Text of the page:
Which vaccinations are right for my dog?
Vaccinations are often the primary reason why a pet is brought to the veterinarian. At the Animal Hospital of Chetek and Animal Hospital North we hope to break that tradition. We hope our clients will bring us their pets to keep them healthy and to discuss what their pets need. We strongly believe that there is no one size fits all approach to vaccinations. Vaccines are best prescribed based on lifestyle, age, and risk. The following vaccines are what we generally recommend, but the needs of your pet may alter these protocols.
***The first three vaccines listed below (distemper, adenovirus, and parvovirus) are given in the same syringe as a combination vaccine. The vaccine is manufactured in this way and is designed to provide maximum protection while cutting down on the total number or inoculations a puppy will receive.
Canine Distemper: Canine distemper is a virus similar to human measles. Contrary to popular belief, distemper does not make dogs more aggressive. In fact the disease is actually far worse than that. Dogs that contract distemper may experience fever, vomiting, diarrhea, nasal and ocular discharge, coughing, difficulty breathing, hardening of the nose and footpads, loss of enamel, seizures, loss of balance, disorientation, hysteria, and even death.
1. 50%-75% of dogs that contract distemper will die of the disease within 3 months.
2. The disease can affect dogs of all ages, but it is more deadly in the very young and the very old.
3. The virus is spread through oral and nasal secretions from infected dogs and wild carnivores.
4. Some dogs will appear healthy even though they are carriers of the disease. These dogs spread the virus to other dogs when they come in contact with them.
5. Recovered animals are not considered to be carriers of distemper.
6. The lucky dogs who survive distemper may suffer permanent damage to the enamel of their teeth.
7. The distemper vaccine provides excellent immunity against a very deadly disease. Because of this the Animal Hospital of Chetek and Animal Hospital North recommend vaccinating for distemper at 8, 12, and 16 weeks of age, followed by a booster one year later. After the one year booster dogs may receive the vaccination once every 3 years.
Infectious Canine Hepatitis (Canine Adenovirus 1 / CAV-1): Infectious canine hepatitis is a serious liver disease caused by canine adenovirus 1. Infected dogs may experience depression, fever, uncontrolled bleeding, nasal and ocular discharge, vomiting, abdominal pain, fluid accumulation in the head, neck, limbs, and within the eye. Some dogs, especially young puppies, may die within a few hours of contracting the virus.
1. Domesticated dogs, coyotes, foxes, wolves, and bears are all susceptible to the virus.
2. The virus is passed amongst these animals via urine, saliva, and feces.
3. Dogs that recover from the virus can spread it in their urine for up to six months.
4. Because CAV-1 has so many potentially dire consequences the Animal Hospital of Chetek recommends vaccinating all puppies with a CAV-2 vaccine at 8, 12, and 16 weeks of age followed by a booster one year later. Following the one year booster, dogs should be vaccinated every three years.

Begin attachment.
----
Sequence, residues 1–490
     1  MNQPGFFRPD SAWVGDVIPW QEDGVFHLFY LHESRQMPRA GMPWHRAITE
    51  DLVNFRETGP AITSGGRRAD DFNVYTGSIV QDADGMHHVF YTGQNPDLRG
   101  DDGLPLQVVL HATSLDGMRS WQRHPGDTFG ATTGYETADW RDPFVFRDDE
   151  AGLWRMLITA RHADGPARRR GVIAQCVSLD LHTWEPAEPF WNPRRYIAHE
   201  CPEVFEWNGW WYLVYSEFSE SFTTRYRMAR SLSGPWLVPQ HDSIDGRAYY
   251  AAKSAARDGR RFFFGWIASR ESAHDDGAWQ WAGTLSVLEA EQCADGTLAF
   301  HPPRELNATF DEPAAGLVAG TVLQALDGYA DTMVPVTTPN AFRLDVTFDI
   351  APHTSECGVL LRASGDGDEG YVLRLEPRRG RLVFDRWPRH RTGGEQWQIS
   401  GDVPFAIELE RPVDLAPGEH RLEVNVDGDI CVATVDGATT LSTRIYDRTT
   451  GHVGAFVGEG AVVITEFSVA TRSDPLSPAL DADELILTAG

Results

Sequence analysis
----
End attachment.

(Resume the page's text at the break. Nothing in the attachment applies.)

5. A CAV-2 (canine adenovirus 2) vaccine is used because the CAV-1 vaccine is known to cause ocular swelling ("blue eye"). The CAV-2 vaccine cross protects against CAV-1 extremely well. It also provides protection against CAV-1, or canine infectious tracheobronchitis, which is one of several cause of kennel cough.
Canine Parvovirus : Canine parvovirus is a highly contagious and deadly virus most commonly seen in puppies under 12 months old, though dogs of any age can become infected. Parvovirus attacks rapidly dividing cells in the body such as bone marrow cells and intestinal cells.
1. Parvovirus is carried into the environment in the feces of infected animals. Once in the environment parvovirus can survive for several months. It can even survive several disinfectants.
2. Many dogs with parvovirus may at first show no signs of illness. Once stressed (put in a new situation, encounter another illness) clinical disease may be triggered which can result in vomiting, tiredness, fever,
decreased appetite, and profound bloody diarrhea which can lead to severe dehydration.
3. Between 20 and 50% percent of dogs that show signs related to parvovirus will die. Those that survive generally do so because of intensive medical treatment that often requires multiple nights at a 24 hour care
4. Because parvovirus is potentially deadly the Animal Hospital of Chetek and Animal Hospital North recommend vaccinating all puppies at 8, 12, and 16 weeks of age.
5. Puppies thought to be at increased risk of contracting the disease may be vaccinated as early as 5 weeks of age.
Rabies Virus: Rabies is a 100% fatal disease in humans once signs appear. It is mainly transmitted through the bite wounds of infected mammals, but it may also be transmitted via scratches, or if the saliva of an infected animal makes contact with open skin. In Wisconsin rabies is mostly carried by bats, skunks, and cows (which usually contract the disease when they are bitten by bats or skunks), but foxes, raccoons, dogs, and cats are also known carriers.
1. Wisconsin state law requires all dogs to be rabies vaccinated by the time they are 20 weeks old. A booster is required to be given one year later, and then every one to three years (depending on which brand of rabies vaccination is used).
2. The Animal Hospital of Chetek and Animal Hospital North recommend vaccinating dogs for rabies at 16 weeks old.
3. The Animal Hospital of Chetek and Animal Hospital North use a 3 year rabies vaccination in dogs.
4. Because of the dangers rabies posses to humans, it IS NOT an optional vaccination at the Animal Hospital of Chetek and Animal Hospital North. We will not board, or perform surgeries on any animal that is not rabies vaccinated (unless they have a documented allergy to the vaccination).